Title:  Soil phosphorus as a site index for deer management.
Author(s): Jacobson, H. A., D. C. Guynn, and E. J. Hackett.
Year: 1981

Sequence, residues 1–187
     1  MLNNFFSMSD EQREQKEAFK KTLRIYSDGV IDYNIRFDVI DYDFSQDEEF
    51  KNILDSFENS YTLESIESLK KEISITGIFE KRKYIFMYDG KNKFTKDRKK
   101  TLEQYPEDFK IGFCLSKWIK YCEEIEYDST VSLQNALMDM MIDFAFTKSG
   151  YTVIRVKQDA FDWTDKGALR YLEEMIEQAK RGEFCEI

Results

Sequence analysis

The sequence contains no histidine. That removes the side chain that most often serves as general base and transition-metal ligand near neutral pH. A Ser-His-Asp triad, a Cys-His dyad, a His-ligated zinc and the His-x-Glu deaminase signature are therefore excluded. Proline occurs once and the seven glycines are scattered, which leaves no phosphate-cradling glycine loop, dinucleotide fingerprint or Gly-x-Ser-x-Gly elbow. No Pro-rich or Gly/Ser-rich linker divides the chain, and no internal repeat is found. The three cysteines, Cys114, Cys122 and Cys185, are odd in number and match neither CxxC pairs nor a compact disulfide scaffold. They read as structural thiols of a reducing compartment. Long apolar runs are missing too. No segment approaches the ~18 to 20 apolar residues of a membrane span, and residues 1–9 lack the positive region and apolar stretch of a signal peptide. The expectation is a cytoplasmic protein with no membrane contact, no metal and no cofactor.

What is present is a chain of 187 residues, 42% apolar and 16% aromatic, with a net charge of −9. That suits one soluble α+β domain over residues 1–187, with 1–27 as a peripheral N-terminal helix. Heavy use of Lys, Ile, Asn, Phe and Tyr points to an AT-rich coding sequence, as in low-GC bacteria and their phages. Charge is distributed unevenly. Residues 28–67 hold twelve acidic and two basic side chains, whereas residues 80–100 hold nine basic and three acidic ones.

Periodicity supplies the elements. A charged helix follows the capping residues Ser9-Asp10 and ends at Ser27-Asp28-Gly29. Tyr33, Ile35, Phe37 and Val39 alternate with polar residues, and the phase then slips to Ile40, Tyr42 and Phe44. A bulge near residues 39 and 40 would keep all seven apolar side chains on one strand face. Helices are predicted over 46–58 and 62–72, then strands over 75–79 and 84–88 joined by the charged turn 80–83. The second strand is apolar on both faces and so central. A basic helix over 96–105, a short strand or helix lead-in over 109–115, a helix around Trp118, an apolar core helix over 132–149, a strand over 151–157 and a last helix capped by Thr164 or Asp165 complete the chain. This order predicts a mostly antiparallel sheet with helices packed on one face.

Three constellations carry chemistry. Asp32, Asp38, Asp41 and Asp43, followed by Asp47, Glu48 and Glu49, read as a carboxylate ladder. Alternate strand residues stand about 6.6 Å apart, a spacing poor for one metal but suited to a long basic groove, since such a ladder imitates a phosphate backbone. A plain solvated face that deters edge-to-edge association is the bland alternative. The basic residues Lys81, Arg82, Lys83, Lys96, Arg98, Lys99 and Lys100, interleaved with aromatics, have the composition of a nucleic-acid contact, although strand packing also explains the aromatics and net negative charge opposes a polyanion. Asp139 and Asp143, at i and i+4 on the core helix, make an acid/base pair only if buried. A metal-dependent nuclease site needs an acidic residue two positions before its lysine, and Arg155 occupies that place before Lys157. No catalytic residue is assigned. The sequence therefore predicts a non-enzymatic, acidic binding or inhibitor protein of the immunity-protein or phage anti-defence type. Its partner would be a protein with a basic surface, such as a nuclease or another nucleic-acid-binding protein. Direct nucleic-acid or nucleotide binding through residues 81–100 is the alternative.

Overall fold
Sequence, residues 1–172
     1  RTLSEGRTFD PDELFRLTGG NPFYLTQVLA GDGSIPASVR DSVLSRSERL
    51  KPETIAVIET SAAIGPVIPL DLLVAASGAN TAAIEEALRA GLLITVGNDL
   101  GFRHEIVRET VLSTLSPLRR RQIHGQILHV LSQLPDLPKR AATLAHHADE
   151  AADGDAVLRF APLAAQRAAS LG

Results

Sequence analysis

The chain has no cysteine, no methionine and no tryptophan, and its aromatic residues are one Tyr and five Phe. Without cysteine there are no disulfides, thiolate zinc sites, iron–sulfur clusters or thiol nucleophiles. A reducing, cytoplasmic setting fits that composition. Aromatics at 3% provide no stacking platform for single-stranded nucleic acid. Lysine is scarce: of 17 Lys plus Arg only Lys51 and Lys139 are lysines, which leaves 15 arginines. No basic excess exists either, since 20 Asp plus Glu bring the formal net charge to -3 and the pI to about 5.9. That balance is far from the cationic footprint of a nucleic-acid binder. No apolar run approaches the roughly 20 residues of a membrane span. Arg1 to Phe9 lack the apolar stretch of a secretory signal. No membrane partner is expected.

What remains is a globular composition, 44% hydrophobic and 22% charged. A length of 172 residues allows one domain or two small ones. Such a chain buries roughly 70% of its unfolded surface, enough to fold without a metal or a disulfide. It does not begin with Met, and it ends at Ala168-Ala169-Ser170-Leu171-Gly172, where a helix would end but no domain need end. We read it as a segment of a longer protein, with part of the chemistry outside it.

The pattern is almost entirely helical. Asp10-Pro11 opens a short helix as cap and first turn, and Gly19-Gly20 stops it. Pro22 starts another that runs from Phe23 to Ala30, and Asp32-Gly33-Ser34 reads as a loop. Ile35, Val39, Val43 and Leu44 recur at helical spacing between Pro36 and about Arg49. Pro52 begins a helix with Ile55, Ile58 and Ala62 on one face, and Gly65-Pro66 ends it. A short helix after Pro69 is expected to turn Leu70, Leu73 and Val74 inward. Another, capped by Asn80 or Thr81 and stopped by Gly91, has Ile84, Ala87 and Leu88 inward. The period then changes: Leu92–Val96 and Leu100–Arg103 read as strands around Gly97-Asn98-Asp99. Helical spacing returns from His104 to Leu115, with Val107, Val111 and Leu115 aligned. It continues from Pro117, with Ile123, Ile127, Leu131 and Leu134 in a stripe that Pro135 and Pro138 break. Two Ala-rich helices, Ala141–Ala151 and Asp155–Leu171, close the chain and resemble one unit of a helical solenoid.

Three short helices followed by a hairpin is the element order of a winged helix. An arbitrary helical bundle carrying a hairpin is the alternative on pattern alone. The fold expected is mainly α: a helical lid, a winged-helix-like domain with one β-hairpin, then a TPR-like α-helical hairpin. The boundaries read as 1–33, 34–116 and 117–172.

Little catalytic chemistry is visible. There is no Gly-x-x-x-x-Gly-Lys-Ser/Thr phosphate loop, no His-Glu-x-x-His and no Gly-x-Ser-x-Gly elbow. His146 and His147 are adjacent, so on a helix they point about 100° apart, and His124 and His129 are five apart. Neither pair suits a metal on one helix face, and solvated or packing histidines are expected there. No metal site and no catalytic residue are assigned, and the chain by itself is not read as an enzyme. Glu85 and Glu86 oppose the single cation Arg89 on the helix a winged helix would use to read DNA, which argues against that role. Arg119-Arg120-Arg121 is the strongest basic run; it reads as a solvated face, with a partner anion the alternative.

Abstract: In an earlier work (Jacobson et al. 1977. Proc. Joint N. E.-S. E. Deer Study Group Meeting) we proposed the hypothesis that through measurement of soil phosphorus levels accurate body weight predictions could be made for an area. In that study, there was an apparent relationship between soil phosphorus and deer body weight, but body weights on several of the 9 management areas tested were well below predicted potential. We suggested this was due to populations which had exceeded carrying capacity and that through herd reduction or habitat improvement body weights could be raised to a predicted level. For our purpose, carrying capacity was considered the number of animals are area can support over time, in optimum physiologic productivity. Through management, deer herds on some areas have since been brought in better balance with their habitat providing a test of our original hypothesis. When only the year with the highest mean body weight, by age class, on each of the nine areas is used, we obtained the following regressions: for 1 1/2 year bucks Y = 31.2X + 38.4 (where Y = dressed body weight in lbs. and X = log. of lbs. of available phosphate per acre of topsoil); for 2 1/2 year bucks Y = 45.6X + 40.5. Respective correlation coefficients of r = 0.92 and r = 0.65 were obtained. When one area thought to exceed carrying capacity during all years for which data were available was excluded, regressions of Y = 31.2X + 42.0 (r = 0.94) and Y = 45.8 + 43.1 (r = 0.82) were obtained for 1 112 year and 2 112 year bucks, respectively.

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